Raising the pH in well water
Have you ever noticed blue or green staining on sinks, filters, toilets or other places your water touches? Do you have copper plumbing in your home? If the answer is yes to both of these questions, you likely have low pH water. Low pH water is very common in many parts of the country and is usually a clear indication of acidic water (a pH lower than 7) reacting with the copper producing corrosive staining. It is essentially “Melting” the copper into the water and should be corrected immediately. Failure to do so will almost certainly end with pinhole leaks springing up on your pipes eventually.
Obviously you would not want to drink this water. pH values below 6.5 are below the EPA safe drinking water standard and we don’t think you should drink water below 7.0. Water with pH below 7.0, which is considered neutral, can still leach metal from pipes, fixtures and connections into the water. Houses with copper pipes installed before 1987 are also very likely to have lead solder holding the pipes together, which is another reason not to drink the water. When filtering iron or metallic tastes out of your home drinking water you also should have a pH of at least 7.5 or higher to achieve the best results. If it is corroding copper piping, just imagine what it could do to your body. There many ways to raise the pH of your drinking water. One is by using a Chemical Injection System to inject Soda Ash into low pH water. That is usually the cheapest method and works well on mildly acidic water. Another way to raise the pH of your household water is by using a Backwashing Acid Neutralizing System which uses crushed limestone to increase the pH in water. The difference in application depends on the pH reading of the water and several other factors. Please feel free to contact a friendly expert at budgetwater.com by calling 1-800-684-0979. They are not allowed to ask you to buy anything and will just answer your questions and give you friendly helpful advice. Call them now.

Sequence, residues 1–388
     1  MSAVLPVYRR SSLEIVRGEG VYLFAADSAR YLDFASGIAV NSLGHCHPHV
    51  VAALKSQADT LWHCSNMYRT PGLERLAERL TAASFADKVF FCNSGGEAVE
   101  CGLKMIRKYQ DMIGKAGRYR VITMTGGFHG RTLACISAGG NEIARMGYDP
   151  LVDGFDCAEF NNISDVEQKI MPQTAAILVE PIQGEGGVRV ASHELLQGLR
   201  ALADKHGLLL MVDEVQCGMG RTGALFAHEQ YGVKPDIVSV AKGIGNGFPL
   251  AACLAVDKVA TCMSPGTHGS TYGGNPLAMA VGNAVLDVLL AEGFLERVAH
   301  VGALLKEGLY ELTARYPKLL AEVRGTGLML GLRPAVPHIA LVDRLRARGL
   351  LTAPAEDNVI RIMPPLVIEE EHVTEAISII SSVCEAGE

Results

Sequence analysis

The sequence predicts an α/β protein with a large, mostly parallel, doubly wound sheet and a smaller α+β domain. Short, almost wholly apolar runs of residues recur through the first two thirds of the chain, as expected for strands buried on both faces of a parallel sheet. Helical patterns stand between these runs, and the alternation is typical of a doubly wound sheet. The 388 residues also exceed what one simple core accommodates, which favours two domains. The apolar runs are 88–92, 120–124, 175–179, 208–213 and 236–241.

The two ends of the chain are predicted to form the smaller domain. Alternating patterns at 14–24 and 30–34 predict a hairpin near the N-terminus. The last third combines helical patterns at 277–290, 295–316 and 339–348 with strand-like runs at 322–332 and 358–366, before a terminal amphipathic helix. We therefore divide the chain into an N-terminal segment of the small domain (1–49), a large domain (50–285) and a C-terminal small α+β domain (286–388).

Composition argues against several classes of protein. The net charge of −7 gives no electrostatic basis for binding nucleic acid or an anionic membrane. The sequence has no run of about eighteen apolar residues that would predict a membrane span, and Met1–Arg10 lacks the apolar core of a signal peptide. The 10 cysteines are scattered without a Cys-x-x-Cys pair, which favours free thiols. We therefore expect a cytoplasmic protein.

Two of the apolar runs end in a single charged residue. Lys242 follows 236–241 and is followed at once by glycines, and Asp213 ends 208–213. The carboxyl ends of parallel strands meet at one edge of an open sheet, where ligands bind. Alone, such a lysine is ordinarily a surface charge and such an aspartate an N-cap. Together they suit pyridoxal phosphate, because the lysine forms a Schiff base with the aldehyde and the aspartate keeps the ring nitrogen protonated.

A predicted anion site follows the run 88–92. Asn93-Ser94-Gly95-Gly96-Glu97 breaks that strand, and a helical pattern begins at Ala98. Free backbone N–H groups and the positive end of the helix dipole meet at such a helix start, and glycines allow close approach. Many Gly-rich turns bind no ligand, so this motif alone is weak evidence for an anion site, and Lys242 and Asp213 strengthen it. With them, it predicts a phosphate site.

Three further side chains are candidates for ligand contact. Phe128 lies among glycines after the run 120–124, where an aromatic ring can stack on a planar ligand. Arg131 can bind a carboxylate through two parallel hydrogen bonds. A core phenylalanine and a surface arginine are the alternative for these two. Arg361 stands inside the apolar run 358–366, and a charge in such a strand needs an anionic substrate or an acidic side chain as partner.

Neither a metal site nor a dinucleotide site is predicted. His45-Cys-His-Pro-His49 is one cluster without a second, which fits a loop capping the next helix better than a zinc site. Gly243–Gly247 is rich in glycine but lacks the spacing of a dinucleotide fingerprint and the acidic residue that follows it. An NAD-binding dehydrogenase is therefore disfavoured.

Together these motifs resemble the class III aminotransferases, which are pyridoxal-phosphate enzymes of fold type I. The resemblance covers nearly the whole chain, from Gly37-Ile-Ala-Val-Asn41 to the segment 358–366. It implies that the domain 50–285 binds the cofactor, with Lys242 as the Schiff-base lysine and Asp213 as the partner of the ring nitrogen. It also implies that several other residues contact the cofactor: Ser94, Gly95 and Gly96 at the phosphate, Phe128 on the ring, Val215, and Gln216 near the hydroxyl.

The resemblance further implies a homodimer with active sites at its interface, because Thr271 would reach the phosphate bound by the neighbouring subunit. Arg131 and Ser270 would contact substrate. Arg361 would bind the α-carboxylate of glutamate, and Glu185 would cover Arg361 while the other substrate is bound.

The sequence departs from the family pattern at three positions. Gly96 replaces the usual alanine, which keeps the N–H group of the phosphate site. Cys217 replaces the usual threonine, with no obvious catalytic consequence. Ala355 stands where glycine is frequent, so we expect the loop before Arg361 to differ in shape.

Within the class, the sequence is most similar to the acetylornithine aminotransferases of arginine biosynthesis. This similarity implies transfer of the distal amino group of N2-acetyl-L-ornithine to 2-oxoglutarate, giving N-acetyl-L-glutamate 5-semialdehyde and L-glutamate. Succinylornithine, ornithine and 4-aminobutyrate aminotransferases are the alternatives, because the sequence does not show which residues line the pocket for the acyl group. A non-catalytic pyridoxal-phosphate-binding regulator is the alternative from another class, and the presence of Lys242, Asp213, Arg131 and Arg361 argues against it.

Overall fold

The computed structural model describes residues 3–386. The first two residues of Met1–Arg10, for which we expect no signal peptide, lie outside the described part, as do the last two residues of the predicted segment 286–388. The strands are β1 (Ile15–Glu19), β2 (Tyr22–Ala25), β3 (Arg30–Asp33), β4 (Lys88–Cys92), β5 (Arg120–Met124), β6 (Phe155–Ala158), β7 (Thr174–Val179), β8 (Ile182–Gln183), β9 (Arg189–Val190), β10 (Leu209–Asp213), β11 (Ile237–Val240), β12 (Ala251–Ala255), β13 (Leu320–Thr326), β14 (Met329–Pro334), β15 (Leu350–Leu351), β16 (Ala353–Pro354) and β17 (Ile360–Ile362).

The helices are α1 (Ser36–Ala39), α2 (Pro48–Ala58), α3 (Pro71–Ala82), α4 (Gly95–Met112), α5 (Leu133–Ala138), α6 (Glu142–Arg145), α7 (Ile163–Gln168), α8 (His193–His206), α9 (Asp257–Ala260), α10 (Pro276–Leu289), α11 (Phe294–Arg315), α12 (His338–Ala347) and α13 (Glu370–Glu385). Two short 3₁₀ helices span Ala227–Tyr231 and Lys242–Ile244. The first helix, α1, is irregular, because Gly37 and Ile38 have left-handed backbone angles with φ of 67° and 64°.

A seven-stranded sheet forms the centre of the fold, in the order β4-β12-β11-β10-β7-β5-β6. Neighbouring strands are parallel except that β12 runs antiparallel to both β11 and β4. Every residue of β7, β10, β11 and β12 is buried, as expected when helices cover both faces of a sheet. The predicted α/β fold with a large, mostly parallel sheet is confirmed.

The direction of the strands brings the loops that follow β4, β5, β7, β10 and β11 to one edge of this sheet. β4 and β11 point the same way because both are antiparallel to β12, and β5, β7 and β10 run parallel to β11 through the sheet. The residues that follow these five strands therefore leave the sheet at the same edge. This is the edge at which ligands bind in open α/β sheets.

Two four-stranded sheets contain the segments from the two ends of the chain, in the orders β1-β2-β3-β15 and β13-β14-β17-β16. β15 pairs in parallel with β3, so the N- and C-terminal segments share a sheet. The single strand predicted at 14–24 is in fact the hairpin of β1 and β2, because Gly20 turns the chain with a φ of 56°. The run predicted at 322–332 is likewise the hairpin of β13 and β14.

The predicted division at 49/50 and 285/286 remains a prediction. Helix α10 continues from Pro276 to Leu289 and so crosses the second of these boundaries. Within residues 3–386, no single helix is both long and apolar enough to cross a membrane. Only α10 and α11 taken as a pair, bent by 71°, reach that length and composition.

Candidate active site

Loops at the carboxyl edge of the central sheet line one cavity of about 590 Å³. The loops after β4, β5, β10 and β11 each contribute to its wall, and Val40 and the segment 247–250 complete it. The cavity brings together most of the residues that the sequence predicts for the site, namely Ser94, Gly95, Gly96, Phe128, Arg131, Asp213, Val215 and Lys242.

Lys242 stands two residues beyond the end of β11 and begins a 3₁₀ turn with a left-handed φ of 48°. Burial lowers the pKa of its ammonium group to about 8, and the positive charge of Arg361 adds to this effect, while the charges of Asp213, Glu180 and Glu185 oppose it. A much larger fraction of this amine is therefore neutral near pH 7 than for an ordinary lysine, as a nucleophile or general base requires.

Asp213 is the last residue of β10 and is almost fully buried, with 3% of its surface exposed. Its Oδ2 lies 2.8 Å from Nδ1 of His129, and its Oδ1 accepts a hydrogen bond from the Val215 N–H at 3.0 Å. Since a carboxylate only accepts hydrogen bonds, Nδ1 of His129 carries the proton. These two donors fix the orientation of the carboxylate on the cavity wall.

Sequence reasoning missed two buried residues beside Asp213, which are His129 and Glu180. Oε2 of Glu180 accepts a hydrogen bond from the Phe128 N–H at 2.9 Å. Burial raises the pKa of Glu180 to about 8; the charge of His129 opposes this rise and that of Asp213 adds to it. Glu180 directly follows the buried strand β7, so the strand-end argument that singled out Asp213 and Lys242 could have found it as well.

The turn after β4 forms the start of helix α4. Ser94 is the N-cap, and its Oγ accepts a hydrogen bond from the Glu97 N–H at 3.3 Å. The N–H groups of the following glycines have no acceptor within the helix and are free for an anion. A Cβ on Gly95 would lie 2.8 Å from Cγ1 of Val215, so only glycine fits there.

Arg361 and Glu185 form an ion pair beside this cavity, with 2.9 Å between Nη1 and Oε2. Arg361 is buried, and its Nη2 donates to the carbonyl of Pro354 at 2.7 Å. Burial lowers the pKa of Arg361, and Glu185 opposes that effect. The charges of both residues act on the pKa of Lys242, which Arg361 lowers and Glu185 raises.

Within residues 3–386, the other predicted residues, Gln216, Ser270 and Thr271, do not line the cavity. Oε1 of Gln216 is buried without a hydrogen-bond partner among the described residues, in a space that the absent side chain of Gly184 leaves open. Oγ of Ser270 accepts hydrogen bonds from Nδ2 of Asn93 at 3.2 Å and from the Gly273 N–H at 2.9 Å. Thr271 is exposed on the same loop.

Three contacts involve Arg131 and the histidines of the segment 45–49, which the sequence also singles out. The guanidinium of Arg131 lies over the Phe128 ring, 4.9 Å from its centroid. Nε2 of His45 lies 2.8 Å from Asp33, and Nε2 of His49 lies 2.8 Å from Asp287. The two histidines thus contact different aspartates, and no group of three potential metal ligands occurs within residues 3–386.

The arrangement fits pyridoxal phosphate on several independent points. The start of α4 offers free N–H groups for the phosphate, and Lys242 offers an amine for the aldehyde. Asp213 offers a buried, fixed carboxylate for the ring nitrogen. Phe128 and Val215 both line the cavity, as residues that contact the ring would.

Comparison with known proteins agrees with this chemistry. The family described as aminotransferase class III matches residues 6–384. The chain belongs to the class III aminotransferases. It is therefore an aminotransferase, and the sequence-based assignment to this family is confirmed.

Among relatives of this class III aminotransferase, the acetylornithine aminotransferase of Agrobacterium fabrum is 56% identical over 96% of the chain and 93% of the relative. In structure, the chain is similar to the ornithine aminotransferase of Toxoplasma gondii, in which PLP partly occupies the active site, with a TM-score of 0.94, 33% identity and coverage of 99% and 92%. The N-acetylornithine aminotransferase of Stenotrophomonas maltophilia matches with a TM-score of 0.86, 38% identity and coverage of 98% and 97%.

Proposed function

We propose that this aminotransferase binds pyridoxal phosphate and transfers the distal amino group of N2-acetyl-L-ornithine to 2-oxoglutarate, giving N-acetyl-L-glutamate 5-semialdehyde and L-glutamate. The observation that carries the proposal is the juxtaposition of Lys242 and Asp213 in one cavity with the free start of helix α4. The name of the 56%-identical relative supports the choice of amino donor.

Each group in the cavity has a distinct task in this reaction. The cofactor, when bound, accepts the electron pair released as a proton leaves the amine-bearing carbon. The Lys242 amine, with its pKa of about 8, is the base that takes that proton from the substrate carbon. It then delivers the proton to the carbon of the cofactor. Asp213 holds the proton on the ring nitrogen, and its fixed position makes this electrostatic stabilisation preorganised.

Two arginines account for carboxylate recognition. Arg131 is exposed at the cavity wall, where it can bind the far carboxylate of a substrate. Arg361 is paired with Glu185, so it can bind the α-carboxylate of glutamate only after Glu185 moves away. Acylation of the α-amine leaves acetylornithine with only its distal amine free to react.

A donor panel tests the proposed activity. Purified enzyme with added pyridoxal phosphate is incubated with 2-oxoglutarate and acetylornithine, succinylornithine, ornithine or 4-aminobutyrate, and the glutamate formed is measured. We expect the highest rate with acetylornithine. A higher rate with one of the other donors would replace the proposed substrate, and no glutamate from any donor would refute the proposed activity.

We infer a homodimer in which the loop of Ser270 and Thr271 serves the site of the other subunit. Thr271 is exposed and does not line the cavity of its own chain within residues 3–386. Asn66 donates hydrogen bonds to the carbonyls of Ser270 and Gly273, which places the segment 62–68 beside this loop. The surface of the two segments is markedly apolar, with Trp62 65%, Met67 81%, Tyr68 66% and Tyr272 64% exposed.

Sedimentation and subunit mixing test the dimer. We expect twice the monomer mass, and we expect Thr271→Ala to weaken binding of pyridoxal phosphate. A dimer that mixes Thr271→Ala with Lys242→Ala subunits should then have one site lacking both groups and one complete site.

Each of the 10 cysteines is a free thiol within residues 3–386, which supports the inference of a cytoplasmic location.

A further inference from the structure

Click the above link to go to our page for equipment to correct pH